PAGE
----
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Royal Journey

Directed by David Bairstow, Gudrun Bjerring Parker, and Roger Blais
Canada, 1951 (documentary, 54 minutes, colour, English)
Also known as "Voyage royal"
Royal Journey
Photo © National Film Board of Canada
Video (National Film Board of Canada)
Video (National Film Board of Canada) [French]

Film Description:
"A documentary account of the five-week visit of Princess Elizabeth and the Duke of Edinburgh to Canada and the United States in the fall of 1951 includes the pageantry of Québec City; the National War Memorial in Ottawa; the Trenton Air Force Base; Toronto; a performance of the Royal Winnipeg Ballet; Regina; Calgary and Edmonton. The royal train crosses the Rockies and makes stops in several small towns. The royal couple boards the HMCS Crusader in Vancouver and watches native dances in Thunderbird Park, Victoria. They are then welcomed to the United States by President Truman. The remainder of the journey includes visits to Montreal, the University of New Brunswick in Fredericton, a steel mill in Sydney, Nova Scotia and Portugal Cove, Newfoundland."
-- National Film Board of Canada (source)

Film Credits (partial):
Written by: Leslie McFarlane
Produced by: Tom Daley
Narrator: Elwood Glover
Film Editing: Ronald Dick, Victor Jobin, Betty Brunke
Music: Louis Applebaum
Production Company: National Film Board of Canada / Office national du film du Canada
(sources)

Award won by Royal Journey

Quotes about Royal Journey

"Everyone involved knew that shooting [Royal Journey in colour would greatly enhance its value and guarantee greater exposure in Canada and throughout the world. The problem was, apart from the costly Technicolor process, there were only a few inferior colour systems available. Technicolor was ruled out as it required the use of very bulky cameras as well as specially trained film crews. The NFB would not be able to use its own cameramen. The biggest problem however, was that Technicolor required bright sunshine or very powerful lighting to have any chance of looking good. The weather in Canada in the fall is very unpredictable and it is rare to have bright sunshine for long stretches and setting up bright lights during the tour was a logistic impossibility. NFB cameramen had heard of an experimental 35 mm film stock that Kodak was developing (Eastman colour) which was supposed to give true colours even during overcast or rainy days. The NFB contacted Kodak and filmed a couple of tests which everyone thought quite satisfactory"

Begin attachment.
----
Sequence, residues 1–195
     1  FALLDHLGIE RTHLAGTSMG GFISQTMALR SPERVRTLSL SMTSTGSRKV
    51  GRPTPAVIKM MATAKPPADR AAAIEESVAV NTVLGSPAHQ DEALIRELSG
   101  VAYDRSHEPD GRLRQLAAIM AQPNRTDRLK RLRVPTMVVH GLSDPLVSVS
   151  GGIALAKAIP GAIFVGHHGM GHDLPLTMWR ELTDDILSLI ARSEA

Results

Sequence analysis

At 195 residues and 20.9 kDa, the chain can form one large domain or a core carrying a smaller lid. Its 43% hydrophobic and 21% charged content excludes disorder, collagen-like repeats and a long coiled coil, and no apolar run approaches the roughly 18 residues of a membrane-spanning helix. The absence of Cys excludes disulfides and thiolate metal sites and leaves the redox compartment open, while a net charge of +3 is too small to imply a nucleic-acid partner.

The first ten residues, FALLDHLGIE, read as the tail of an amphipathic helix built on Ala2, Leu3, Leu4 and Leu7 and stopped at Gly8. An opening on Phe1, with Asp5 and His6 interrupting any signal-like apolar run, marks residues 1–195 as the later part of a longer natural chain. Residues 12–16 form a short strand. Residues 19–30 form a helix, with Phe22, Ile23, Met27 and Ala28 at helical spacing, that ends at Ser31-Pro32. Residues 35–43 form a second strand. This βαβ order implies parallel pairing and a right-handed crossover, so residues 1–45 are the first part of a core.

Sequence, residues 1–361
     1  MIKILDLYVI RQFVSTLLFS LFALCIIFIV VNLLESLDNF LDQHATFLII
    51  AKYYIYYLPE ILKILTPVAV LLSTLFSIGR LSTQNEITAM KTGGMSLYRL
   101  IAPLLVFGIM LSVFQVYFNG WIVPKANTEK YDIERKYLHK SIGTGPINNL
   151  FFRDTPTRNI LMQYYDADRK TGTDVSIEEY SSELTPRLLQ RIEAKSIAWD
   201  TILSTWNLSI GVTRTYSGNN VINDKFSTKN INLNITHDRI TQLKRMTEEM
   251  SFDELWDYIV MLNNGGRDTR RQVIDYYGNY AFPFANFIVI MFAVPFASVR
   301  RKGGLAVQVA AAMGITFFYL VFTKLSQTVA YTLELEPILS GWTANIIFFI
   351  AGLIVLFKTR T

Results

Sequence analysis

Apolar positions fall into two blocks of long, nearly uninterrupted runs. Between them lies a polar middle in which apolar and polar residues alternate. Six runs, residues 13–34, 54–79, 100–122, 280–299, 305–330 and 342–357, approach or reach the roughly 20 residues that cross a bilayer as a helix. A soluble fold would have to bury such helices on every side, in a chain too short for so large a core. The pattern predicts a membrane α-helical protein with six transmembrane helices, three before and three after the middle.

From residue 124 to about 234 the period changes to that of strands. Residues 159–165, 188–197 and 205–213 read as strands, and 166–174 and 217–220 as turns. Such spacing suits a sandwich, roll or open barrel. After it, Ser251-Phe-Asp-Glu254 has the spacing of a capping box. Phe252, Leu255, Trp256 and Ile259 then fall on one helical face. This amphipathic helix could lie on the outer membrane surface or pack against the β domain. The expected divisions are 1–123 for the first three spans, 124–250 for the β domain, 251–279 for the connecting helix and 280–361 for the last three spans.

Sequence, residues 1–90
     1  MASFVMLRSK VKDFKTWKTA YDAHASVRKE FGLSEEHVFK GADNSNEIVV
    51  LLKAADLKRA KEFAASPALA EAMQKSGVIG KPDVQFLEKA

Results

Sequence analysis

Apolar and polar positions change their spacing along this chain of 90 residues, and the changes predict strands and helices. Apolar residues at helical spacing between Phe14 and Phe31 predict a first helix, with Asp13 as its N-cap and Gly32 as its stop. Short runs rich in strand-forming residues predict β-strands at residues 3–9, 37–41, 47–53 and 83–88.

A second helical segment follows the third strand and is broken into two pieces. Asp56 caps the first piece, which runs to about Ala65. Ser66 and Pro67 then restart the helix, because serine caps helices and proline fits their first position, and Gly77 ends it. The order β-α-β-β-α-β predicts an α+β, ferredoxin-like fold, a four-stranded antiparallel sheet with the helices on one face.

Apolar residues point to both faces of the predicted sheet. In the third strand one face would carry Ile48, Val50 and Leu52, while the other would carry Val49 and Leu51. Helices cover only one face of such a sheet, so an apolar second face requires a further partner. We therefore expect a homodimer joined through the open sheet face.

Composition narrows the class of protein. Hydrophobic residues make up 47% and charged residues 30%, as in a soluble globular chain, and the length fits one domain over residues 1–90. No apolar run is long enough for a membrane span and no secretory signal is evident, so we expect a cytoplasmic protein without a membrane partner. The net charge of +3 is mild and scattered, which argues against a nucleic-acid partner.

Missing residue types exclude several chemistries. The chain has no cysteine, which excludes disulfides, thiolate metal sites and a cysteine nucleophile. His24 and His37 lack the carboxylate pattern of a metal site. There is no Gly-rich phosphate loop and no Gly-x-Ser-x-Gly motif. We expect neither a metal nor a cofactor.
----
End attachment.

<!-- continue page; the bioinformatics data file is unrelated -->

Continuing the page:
-- Albert Ohayon (source)

"Royal Journey, the NFB's record of Princess Elizabeth's Canadian tour in the fall of 1951, will always be remembered for being the first feature film ever shot on Eastman colour 35mm film stock. It was originally to be a 20-minute newsreel but the NFB had shot a lot of good material and was not sure what to do with it. The president of Famous Players cinemas, J.J. Fitzgibbons, was asked to look at the 60-minute rough cut of the film and advise the editors. He told them to cut nothing out, and that he would gladly show the film in his theatres on one condition: that it be ready for a Christmas release, just one month away. NFB employees worked day and night to complete the film on time. Columbia Pictures premiered it on December 21, 1951, in Ottawa and then released it throughout Canada. After only 3 weeks it had grossed $250,000 in Canada alone. It was released in New York City by United Artists in January of 1952 and played throughout the USA. Royal Journey was, at the time, the most widely seen feature film in Canada, ever -- 2 million Canadians saw it in the first 3 years of release."
-- Albert Ohayon (source)

Web Sites about Royal Journey


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